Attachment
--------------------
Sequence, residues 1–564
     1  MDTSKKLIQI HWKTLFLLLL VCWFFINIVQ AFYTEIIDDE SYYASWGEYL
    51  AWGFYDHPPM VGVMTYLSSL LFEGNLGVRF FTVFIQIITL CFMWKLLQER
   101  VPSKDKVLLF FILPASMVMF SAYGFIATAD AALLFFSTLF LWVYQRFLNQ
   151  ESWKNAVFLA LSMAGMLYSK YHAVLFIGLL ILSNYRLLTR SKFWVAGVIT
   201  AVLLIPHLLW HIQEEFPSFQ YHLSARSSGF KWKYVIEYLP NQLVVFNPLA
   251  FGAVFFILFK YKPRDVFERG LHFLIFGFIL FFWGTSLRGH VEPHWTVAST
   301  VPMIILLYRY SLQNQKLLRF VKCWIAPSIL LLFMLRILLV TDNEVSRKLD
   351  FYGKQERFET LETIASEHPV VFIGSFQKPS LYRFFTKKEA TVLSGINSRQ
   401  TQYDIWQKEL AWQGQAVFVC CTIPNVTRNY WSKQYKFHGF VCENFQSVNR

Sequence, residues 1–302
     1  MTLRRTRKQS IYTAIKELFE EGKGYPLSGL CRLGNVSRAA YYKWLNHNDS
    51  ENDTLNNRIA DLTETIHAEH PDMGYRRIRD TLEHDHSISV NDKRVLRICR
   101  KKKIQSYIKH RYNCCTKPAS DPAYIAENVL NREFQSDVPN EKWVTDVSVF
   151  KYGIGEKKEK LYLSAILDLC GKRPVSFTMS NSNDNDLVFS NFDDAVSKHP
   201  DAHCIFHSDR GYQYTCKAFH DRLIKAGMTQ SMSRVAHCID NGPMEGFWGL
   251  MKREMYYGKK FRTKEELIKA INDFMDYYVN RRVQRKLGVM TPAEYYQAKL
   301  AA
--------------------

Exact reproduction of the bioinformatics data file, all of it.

Sequence, residues 1–564
     1  MDTSKKLIQI HWKTLFLLLL VCWFFINIVQ AFYTEIIDDE SYYASWGEYL
    51  AWGFYDHPPM VGVMTYLSSL LFEGNLGVRF FTVFIQIITL CFMWKLLQER
   101  VPSKDKVLLF FILPASMVMF SAYGFIATAD AALLFFSTLF LWVYQRFLNQ
   151  ESWKNAVFLA LSMAGMLYSK YHAVLFIGLL ILSNYRLLTR SKFWVAGVIT
   201  AVLLIPHLLW HIQEEFPSFQ YHLSARSSGF KWKYVIEYLP NQLVVFNPLA
   251  FGAVFFILFK YKPRDVFERG LHFLIFGFIL FFWGTSLRGH VEPHWTVAST
   301  VPMIILLYRY SLQNQKLLRF VKCWIAPSIL LLFMLRILLV TDNEVSRKLD
   351  FYGKQERFET LETIASEHPV VFIGSFQKPS LYRFFTKKEA TVLSGINSRQ
   401  TQYDIWQKEL AWQGQAVFVC CTIPNVTRNY WSKQYKFHGF VCENFQSVNR

Sequence, residues 1–302
     1  MTLRRTRKQS IYTAIKELFE EGKGYPLSGL CRLGNVSRAA YYKWLNHNDS
    51  ENDTLNNRIA DLTETIHAEH PDMGYRRIRD TLEHDHSISV NDKRVLRICR
   101  KKKIQSYIKH RYNCCTKPAS DPAYIAENVL NREFQSDVPN EKWVTDVSVF
   151  KYGIGEKKEK LYLSAILDLC GKRPVSFTMS NSNDNDLVFS NFDDAVSKHP
   201  DAHCIFHSDR GYQYTCKAFH DRLIKAGMTQ SMSRVAHCID NGPMEGFWGL
   251  MKREMYYGKK FRTKEELIKA INDFMDYYVN RRVQRKLGVM TPAEYYQAKL
   301  AA